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I am after ideas to make things run more smoothly and more quickly.

I have been using a combination of MS Teams and online tools like GroupMap and Stormz.

But there are long pauses, and less to and fro, and everything seems to take much longer.

I used to like doing attitude timelines but the online tools I have being using have been card based tools. Are there tools that are more flexible?

Clustering ideas is also a lot more awkward. I can fit a lot less cards on a screen than on a whiteboard. It would be nice to zoom in and out, resize cards, and put them were I want instead of having them on a grid.

Before in face to face meetings, when the meetings went in a new direction, I would turn the page on the flip chart, and start crowdsourcing ideas from the team. But now it is much harder to spin up a new digital board to explore something new.

Before when there was a pause in the conversion I would use eye contact to prompt people to speak, making sure everyone had their say. Now the pauses are a lot longer. When I verbally prompt people everything is sluggish and I feel like I am harassing them.

Before the seating arrangement helped determine who was going to speak next. Now I have to prompt everyone.

Before I could scan the room to get a feel for whether what I was doing was well received, or whether I needed to speedup, slowdown or change direction. Now I have to ask and there are more pauses, then the same person alway says something and I can't tell by looking whether there is someone who with a little prompting might give a different answer. I can't give non-verbal encouragement to offset inhibitory effect of the first persons answer and my verbal encouragement just doesn't seem as effective without the non-verbal component.

I have started to open the digital boards for the retrospective at the start of the sprint so people can jot down their thoughts during the sprint. However I know that only a few people will take advantage of that. I can even name them. I have also used Listy to add a Problem CounterMeasure Board to MS Team.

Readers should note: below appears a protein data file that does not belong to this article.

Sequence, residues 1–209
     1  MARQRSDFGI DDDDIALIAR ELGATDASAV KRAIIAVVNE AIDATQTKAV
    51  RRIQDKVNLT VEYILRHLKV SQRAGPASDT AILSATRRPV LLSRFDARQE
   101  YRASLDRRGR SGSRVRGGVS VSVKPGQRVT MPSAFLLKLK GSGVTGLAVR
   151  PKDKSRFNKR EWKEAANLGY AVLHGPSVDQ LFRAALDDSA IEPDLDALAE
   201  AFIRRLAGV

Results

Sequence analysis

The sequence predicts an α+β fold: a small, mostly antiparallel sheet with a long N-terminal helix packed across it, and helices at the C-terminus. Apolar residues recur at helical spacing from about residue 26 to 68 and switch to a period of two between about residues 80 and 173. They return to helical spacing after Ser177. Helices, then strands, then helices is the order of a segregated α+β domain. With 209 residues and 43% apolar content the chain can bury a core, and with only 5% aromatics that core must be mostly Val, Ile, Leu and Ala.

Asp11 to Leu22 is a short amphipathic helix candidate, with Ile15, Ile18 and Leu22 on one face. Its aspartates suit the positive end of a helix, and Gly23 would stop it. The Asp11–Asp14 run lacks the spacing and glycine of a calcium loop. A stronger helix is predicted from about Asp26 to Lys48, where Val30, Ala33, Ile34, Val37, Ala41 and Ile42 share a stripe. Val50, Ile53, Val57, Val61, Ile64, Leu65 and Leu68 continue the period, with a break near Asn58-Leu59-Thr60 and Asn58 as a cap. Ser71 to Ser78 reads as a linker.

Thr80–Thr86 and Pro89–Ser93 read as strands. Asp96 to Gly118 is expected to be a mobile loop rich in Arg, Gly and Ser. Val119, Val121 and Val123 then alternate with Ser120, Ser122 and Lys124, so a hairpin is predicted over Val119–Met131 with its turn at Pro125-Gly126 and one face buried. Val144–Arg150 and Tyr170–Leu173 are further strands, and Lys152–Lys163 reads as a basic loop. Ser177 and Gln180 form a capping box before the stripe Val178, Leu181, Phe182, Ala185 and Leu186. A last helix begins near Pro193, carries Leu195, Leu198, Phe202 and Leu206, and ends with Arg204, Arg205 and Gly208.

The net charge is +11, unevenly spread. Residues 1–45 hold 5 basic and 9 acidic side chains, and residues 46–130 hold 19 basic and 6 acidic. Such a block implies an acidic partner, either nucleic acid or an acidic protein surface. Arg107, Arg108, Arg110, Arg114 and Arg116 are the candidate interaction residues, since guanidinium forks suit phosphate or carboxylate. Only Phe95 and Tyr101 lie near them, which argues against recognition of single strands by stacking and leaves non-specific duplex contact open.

Does anyone have any thoughts on practices, tools or strategies that might improve things?

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    @Bogdan it's closed already in SO, it suits this community better. – Tiago Martins Peres 李大仁 Apr 12 at 14:31
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    Tools are not a substitute for promoting communication skills and active listening within the team. If you have a team with poor verbal communication skills, focus on fixing that! – Todd A. Jacobs Apr 13 at 19:31
  • Hoping to see some answers here from folks whose teams were already fully remote and distributed so we can all learn from their experience. – Vicki Laidler Apr 14 at 3:23
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All the team members can agree on some set of guidelines to help.

We are following these fun guidelines that are working very well for us:

  1. No person can talk for more than 1 minute at a time.
  2. Every person in the team must talk.
  3. Every person must nominate the name of another person in the team, at the end of his/her turn. The nominated person will then talk and pass on the baton.
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    I tried this for the first time in the Tuesday Daily Scrum and have done it again in today's Scrum (Wednesday). I gave it a name "Passing the Baton" and told people to pass the the baton back to me if they thought everyone had spoken. There is more engagement, people are more lively, alert and are paying more attention. – GeoffBurns Apr 16 at 1:55